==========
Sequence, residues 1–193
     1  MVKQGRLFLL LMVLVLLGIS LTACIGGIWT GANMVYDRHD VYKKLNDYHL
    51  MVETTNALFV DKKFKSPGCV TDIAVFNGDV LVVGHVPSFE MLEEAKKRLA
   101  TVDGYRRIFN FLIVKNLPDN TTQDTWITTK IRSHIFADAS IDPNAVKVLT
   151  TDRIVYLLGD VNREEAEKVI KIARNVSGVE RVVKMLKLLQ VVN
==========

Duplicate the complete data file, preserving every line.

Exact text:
Sequence, residues 1–193
     1  MVKQGRLFLL LMVLVLLGIS LTACIGGIWT GANMVYDRHD VYKKLNDYHL
    51  MVETTNALFV DKKFKSPGCV TDIAVFNGDV LVVGHVPSFE MLEEAKKRLA
   101  TVDGYRRIFN FLIVKNLPDN TTQDTWITTK IRSHIFADAS IDPNAVKVLT
   151  TDRIVYLLGD VNREEAEKVI KIARNVSGVE RVVKMLKLLQ VVN